For all the talk about channel integration, banks have little in the way of back-up when online banking goes awry. The trusty branch – maybe shared by competitor banks – needs to play its part, writes Brian Caplen.

My usual complaint about internet service is that when it all goes wrong there is no one to call. The big tech companies are the worst offenders whereas most banks do have good telephone back-up services. But what if this fails too?

I recently opened an online account with a UK challenger bank and was told to wait for postal ID verification. After receiving this I had to phone up to get online, all of which seems to make a nonsense of online banking.

Even more so when this account ran into a technical hitch and after four phone calls, and with the account still not up and running, the bank’s telephone operator explained that it could take up to eight weeks to fix. From the nonsensical to the ridiculous, you might say.

Now everyone in banking understands that the move to put everything online and reduce branches is logical in terms of both reducing costs and responding to customer demand for digital banking.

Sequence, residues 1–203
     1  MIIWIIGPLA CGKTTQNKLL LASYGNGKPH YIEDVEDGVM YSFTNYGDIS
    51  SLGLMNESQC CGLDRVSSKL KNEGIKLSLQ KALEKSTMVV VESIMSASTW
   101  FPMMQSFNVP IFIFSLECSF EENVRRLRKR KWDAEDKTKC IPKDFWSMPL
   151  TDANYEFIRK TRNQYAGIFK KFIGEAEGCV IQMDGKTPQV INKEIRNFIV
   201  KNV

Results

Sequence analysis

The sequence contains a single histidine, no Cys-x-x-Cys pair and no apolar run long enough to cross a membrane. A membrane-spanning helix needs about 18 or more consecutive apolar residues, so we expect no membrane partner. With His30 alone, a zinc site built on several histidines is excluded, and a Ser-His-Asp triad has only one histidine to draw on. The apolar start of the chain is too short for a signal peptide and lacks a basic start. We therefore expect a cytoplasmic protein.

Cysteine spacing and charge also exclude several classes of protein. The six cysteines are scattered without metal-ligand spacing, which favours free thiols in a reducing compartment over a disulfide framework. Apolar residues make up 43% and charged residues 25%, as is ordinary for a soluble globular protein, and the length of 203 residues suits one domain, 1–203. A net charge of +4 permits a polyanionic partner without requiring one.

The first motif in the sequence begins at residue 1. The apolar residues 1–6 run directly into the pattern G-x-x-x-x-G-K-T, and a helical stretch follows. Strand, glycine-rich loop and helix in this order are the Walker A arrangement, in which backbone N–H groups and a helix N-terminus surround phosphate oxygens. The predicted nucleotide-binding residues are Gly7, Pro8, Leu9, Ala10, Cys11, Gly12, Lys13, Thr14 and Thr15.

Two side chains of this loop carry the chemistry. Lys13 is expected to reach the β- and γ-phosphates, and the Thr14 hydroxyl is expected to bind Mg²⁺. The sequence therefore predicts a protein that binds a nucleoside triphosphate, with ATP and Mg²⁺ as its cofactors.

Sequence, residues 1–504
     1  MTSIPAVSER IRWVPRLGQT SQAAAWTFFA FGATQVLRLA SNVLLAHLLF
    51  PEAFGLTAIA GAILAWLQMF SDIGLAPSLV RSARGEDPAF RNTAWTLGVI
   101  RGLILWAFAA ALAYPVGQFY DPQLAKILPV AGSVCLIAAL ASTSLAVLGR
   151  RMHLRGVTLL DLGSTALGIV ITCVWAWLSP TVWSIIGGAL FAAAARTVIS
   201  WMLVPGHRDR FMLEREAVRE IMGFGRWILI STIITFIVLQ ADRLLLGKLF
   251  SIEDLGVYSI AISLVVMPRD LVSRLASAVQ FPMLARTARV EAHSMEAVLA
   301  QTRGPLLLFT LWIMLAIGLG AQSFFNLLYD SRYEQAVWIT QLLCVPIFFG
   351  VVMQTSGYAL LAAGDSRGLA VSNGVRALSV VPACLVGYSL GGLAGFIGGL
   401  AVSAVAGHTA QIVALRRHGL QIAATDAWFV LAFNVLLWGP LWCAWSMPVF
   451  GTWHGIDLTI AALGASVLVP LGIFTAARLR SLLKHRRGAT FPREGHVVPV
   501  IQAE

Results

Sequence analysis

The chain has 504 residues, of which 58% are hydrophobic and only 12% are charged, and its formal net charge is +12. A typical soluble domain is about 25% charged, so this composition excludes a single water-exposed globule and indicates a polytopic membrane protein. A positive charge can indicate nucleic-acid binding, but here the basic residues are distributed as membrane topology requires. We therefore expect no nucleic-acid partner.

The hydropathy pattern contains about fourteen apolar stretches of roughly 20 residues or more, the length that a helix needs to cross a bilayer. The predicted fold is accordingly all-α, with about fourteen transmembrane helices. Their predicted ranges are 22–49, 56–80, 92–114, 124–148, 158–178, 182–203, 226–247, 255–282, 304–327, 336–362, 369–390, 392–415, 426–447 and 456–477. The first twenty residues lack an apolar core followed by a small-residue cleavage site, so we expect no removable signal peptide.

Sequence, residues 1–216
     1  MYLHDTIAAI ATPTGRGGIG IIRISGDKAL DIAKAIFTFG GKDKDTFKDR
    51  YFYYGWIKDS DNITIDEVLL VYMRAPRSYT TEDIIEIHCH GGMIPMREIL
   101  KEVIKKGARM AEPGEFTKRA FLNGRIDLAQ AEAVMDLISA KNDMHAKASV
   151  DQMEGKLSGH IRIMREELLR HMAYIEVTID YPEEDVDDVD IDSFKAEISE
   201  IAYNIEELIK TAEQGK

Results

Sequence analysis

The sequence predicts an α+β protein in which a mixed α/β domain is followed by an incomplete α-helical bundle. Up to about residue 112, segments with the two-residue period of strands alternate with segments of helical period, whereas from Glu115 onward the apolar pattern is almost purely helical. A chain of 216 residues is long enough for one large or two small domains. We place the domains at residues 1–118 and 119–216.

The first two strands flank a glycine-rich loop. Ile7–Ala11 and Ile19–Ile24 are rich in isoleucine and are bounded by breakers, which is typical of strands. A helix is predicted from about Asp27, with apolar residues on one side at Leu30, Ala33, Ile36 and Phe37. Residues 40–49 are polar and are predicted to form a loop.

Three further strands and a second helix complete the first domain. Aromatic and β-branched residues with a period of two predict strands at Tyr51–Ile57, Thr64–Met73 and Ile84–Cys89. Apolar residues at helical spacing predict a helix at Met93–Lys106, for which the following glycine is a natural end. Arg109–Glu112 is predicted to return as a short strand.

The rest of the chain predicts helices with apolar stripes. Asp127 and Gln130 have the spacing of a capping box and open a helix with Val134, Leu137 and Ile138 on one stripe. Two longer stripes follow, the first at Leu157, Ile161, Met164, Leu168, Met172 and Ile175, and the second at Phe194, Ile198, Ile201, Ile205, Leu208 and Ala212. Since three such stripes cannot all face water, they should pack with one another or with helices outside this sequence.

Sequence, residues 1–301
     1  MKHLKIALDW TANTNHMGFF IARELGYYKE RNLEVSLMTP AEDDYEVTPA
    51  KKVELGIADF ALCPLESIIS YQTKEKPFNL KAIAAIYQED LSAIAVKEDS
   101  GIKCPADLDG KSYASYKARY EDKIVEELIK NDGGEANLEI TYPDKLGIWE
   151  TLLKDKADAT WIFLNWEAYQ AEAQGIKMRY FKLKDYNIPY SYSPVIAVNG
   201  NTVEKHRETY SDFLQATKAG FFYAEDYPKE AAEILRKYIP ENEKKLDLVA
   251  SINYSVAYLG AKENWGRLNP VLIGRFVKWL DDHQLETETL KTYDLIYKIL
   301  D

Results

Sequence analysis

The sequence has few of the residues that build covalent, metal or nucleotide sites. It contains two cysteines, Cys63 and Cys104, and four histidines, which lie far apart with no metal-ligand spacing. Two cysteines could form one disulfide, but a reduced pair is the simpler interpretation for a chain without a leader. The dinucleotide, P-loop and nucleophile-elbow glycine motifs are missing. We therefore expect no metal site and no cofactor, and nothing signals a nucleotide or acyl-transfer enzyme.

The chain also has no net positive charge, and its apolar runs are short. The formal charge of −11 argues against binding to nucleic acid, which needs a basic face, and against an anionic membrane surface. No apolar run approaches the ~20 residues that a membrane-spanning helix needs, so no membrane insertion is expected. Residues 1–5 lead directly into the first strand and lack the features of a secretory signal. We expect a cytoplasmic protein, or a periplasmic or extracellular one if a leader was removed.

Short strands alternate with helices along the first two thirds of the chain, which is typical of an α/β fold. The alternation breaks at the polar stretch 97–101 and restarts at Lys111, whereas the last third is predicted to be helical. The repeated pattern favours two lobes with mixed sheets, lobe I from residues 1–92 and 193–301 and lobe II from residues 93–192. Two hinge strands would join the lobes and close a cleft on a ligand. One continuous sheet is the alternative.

But in the above example it would have been much easier – and cheaper for the bank – for me to show up at a branch with ID rather than get bogged down in letters and phone calls.

The problem is that even if the bank allows this (some online accounts do not) most UK challengers only have a handful of branches. When online and telephone options fail there is no fallback position.

What is needed is a rethink of the branch so that it can play its part as an integrated channel. With banks sharing ATMs and many back-office services why don’t competitor banks finally take the next logical step and set up agency branches where the staff can process transactions for a group of banks?  

Banks should also start to think creatively about what services they can offer cost-effectively in a branch. For fixed-term savings accounts there are likely to be only two transactions – one to set up and one to either renew or close and transfer the funds at the end of the term. The policy of insisting that everything is done online has its limitations.  

Brian Caplen is the editor of The BankerFollow him on Twitter @BrianCaplen

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